When I wrote “Where Can the Chinese Internet Go?” two years ago, I briefly profiled these three regions’ growth prospects for Alibaba and Tencent in particular. Even though the entire Internet sector in China is going through a massive slow down, the cloud data center expansions have continued apace. So one way to size up the two sides of this “cloud proxy war” is to look at the existing data center investment footprint, among the top three Chinese clouds (AliCloud, Tencent Cloud, Huawei Cloud) and the top three American clouds (AWS, Azure, GCP) in Southeast Asia, Latin America, and the Middle East.
In the last three years, the Chinese clouds have all deepened their cloud data center footprint in Southeast Asia, particularly in Thailand, in addition to longstanding build outs in Singapore and Indonesia. (AliCloud has also added a data center in the Philippines.)
This progress outpaces their American counterparts. AWS has data centers in Singapore and Indonesia, but its Thailand and Malaysia locations are still being developed. Azure has a data center presence in Singapore, but its Indonesia and Malaysia locations are still labeled “coming soon”. GCP (Google Cloud Platform) has a solid data center presence in Singapore and Indonesia, but no publicly-known plans to expand further in this region.
It’s important to note that solely comparing the number of locations does not paint an accurate picture. Each location’s number of “availability zones” (or AZs) is also a useful factor to measure depth of investment. Without getting into too many cloud computing jargons, essentially the more availability zones a single location has, the more maturity, redundancy, and performance that location has. Here’s summary of each cloud’s Southeast Asian locations and their respective AZs count:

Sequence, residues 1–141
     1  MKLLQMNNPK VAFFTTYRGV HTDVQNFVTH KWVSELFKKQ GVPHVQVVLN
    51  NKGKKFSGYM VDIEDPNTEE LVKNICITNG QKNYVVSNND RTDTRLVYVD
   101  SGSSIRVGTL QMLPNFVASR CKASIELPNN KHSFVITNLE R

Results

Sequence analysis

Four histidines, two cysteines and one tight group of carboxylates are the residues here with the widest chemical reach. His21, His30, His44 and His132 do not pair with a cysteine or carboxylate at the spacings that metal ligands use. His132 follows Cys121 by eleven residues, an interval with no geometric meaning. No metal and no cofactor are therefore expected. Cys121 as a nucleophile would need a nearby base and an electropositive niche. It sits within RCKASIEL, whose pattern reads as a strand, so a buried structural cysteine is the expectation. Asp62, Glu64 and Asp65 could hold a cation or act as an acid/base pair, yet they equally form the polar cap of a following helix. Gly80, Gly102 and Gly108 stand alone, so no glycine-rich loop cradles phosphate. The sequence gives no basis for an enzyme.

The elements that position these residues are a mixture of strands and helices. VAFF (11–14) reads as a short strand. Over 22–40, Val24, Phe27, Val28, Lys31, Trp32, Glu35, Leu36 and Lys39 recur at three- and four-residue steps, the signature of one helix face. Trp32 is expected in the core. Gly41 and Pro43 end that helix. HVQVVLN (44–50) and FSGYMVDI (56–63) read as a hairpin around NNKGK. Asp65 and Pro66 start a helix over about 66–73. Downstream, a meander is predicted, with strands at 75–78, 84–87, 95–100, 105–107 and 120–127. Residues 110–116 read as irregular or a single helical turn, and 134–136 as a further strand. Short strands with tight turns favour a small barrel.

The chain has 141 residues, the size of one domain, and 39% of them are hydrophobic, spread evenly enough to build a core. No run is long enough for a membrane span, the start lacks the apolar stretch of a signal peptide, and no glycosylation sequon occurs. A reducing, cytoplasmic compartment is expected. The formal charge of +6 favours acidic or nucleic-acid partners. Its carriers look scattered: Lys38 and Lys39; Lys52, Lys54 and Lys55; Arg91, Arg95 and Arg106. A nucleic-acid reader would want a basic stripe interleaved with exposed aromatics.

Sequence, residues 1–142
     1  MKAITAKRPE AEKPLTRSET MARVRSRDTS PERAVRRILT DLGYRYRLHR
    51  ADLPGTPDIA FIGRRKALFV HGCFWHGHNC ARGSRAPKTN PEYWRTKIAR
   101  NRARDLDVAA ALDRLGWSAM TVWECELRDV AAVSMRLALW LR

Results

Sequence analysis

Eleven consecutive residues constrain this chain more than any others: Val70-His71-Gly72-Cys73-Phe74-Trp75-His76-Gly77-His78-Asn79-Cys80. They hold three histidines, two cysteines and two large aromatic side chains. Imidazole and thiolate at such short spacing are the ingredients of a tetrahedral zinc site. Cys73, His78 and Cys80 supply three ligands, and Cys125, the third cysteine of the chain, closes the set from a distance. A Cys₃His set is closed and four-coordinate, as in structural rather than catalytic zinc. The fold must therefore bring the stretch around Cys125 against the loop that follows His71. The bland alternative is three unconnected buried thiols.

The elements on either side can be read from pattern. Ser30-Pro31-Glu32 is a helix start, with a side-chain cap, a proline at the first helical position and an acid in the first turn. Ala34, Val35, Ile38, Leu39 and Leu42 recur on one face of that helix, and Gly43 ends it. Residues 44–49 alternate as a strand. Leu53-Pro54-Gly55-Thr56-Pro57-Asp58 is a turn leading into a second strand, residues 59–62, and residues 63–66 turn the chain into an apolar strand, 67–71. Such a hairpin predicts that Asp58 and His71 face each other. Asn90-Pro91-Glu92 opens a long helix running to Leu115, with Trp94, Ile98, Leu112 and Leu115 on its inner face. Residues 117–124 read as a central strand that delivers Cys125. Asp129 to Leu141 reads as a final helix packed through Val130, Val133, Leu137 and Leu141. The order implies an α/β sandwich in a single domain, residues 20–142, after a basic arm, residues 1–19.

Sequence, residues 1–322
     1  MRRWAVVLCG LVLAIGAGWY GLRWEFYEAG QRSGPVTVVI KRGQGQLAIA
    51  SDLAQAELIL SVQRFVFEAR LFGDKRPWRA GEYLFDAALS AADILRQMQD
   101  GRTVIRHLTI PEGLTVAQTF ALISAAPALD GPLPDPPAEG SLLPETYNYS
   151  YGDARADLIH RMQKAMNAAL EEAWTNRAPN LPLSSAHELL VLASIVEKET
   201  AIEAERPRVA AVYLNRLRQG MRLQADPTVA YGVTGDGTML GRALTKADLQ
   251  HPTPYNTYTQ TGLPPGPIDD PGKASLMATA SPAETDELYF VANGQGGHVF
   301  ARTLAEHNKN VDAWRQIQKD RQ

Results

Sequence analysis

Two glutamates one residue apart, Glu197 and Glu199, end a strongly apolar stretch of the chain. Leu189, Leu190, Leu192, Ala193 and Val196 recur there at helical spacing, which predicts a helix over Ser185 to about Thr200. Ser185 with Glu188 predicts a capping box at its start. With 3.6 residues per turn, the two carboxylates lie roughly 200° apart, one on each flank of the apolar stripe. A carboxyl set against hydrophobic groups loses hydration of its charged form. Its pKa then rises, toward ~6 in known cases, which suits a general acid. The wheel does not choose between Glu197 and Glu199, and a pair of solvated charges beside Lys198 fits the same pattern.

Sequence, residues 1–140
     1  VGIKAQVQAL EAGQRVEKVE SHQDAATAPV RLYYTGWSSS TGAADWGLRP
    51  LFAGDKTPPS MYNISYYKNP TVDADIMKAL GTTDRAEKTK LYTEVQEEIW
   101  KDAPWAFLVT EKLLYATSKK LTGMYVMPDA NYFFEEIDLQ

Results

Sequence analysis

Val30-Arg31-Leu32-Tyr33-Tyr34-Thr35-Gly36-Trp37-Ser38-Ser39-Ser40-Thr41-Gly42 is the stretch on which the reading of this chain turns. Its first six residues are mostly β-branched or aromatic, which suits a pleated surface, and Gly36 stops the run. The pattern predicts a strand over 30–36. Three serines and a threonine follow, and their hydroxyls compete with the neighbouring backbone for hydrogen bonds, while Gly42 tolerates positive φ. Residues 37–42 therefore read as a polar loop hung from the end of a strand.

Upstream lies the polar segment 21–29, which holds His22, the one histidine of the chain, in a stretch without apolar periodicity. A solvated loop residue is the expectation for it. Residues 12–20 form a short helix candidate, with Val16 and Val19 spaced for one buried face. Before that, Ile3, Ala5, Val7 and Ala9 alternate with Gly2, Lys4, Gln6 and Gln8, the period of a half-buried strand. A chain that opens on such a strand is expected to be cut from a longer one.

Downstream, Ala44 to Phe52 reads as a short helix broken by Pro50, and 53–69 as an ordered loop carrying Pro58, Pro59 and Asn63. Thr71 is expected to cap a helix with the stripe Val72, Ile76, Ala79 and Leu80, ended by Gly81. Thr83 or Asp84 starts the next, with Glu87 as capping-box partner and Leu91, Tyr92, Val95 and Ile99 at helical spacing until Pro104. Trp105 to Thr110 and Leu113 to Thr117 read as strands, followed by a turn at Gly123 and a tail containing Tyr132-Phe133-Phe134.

AWS: Singapore - 4; Indonesia - 3; Total - 7
Azure: Singapore - 3; Total - 3
GCP: Singapore - 3; Indonesia - 3; Total - 6
AliCloud: Singapore - 3; Indonesia - 3; Malaysia - 2; Philippines - 1; Thailand - 1; Total - 10
Tencent Cloud: Singapore - 4; Indonesia - 2; Thailand - 2; Total - 8
Huawei Cloud: Singapore - 4; Indonesia - 3; Thailand - 3; Total: 10
On an AZs-by-AZs basis, AliCloud and Huawei Cloud are in the lead in Southeast Asia each with 10, with AliCloud having more geographically diversity. AWS has the most from the American side with seven.
Latin America is a region where Chinese technology companies have been making inroads for many years, from e-commerce to ridesharing to electric vehicles. More recently, Chinese manufacturers of all kinds are setting up shop in different Latin American countries (Mexico, in particular) to produce products that can be more easily sold into the US that are mostly Chinese made, but with a light coating of “friendshoring” and “nearshoring” added.